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Colonial Industries case, (1922 AD at p 42)

reveal acceptance of the test prevailing in English

law. The passage relied upon reads as follows:

"The only question that remains is: were the facts material? To this there can be but one answer, if we bear in mind that every fact is material which would affect the minds of prudent and experienced insurers in deciding whether

they /


they will accept the contract, or when they

accept it, in fixing the amount of premium

to be charged."

This passage stated the general principle underlying

the requirement of disclosure but I am not convinced that

it was intended to deal specifically with the question

whether the determinant of materiality related to the

expectations of the prudent insurer only, to the total

exclusion of what a "reasonable insured" would regard as

material for the insurer's purposes and therefore to be

disclosed. In Fine's case, supra, SOLOMON, JA, said

(at p 218)

" the question is narrowed down to this,

was this a fact material to be known by the.

defendant company in estimating the risk"

and later, at p 220, referred with obvious approval to a"

dictum /


dictum by FLETCHER MOULTON, LJ, in Joel v Law Union and

Crown Insurance Co (1908, 2 K B 863 at p 884) to the

effect that if a reasonable man would have recognized

that it was material to disclose the knowledge in question

there was no excuse for not disclosing it. In Fransba

Vervoer Bpk v Incorporated General Insurances Ltd 1976(4)

SA 970 (W) at p 978, McEWAN, J, after considering several

decisions of the Courts, including Fine's case and the

Colonial Industries case, said:

"It seems to me, therefore, that one should be careful not to say that the test of the reasonable insured, which has been accepted by our Courts, has gone by the board, and to recognize the possibility that no matter how material certain information may be from the point of view of the insurance company, the Court may still find that a reasonable proposer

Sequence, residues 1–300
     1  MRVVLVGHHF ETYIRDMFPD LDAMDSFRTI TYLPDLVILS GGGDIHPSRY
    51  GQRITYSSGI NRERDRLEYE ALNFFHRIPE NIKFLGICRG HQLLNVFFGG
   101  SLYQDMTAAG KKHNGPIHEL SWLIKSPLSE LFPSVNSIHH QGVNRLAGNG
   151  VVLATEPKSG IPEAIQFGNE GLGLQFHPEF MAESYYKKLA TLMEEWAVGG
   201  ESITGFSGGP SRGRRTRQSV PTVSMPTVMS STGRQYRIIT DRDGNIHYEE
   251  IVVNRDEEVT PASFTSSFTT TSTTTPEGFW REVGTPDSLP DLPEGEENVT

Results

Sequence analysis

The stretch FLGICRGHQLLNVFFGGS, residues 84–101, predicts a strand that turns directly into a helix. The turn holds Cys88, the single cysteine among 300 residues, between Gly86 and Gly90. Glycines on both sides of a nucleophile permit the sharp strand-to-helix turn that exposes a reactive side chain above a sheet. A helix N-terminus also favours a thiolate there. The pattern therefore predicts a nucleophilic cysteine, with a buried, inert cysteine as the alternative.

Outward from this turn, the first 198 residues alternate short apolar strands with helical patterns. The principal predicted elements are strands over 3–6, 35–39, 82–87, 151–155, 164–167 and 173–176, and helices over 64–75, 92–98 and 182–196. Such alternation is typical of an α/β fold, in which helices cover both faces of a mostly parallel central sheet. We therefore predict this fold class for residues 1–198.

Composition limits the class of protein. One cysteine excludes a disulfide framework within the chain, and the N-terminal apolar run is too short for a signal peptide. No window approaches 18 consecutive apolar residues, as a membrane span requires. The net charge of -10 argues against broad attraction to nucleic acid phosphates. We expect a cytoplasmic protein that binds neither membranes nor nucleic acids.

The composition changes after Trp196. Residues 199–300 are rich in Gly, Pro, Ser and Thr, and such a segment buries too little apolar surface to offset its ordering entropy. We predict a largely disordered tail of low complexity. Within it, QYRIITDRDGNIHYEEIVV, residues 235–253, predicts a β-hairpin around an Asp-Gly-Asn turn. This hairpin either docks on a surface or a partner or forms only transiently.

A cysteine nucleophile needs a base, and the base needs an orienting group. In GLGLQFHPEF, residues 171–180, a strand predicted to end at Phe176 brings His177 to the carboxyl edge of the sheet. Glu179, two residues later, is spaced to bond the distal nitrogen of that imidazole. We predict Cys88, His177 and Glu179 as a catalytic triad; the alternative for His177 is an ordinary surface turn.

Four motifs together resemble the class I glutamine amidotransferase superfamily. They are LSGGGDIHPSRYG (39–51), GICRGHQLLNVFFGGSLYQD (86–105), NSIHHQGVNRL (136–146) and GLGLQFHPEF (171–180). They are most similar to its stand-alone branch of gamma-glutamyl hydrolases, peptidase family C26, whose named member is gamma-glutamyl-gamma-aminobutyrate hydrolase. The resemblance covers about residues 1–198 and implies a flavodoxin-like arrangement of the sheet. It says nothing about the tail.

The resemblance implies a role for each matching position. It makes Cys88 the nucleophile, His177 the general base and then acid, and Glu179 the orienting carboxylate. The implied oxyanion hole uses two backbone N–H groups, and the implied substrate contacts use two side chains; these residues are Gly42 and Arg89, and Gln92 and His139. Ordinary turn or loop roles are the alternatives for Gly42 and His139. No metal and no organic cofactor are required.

for /


for insurance could not be expected to have realized that the information was material and consequently that he was therefore not bound to disclose it."

(See also per JANSEN, J, (as he then was) in Roome NO v Southern Life Association of Africa 1959(3) SA 638 (D& CLD at p 641 F-G.

The object of devising a means or criterion for determination of the materiality of undisclosed facts must surely be to ensure, as far as is possible, that justice is done to both parties. The insurer is to be protected against non-disclosure which could gravely prejudice him but at the same time the insured ought not to be unfairly required to forfeit his rights under a policy which he entered into in good faith in accordance with his (objec=

tively regarded) reasonable belief that all that was materia

had been disclosed. If I might return momentarily to Carte:

v Boehm and to Lord Mansfield, the following passages at p 1165 of

97 E R /


97 E R are not without interest and significance in

relation to this topic:-

"The insured need not mention what the
under-writer ought to know; what he takes
upon himself the knowledge of; or what
he waves being informed of

Men argue differently, from natural phenomena, and political appearances: they have different capacities, different degrees of knowledge, and different intelligence. But the means of information and judging are open to both: each professes to act from his own skill and sagacity; and therefore neither needs to communicate to the other.

The reason of the rule which obliges parties to disclose, is to prevent fraud, and to encourage good faith. It is adapted to such facts as vary the nature of the contract; which one privately knows, and the other is ignorant of, and has no reason to suspect.

The question therefore must always be 'whether there was, under all the circumstances at the time the policy was under-written, a fair representation; or a concealment; fraudulent, if designed; or, though not designed, varying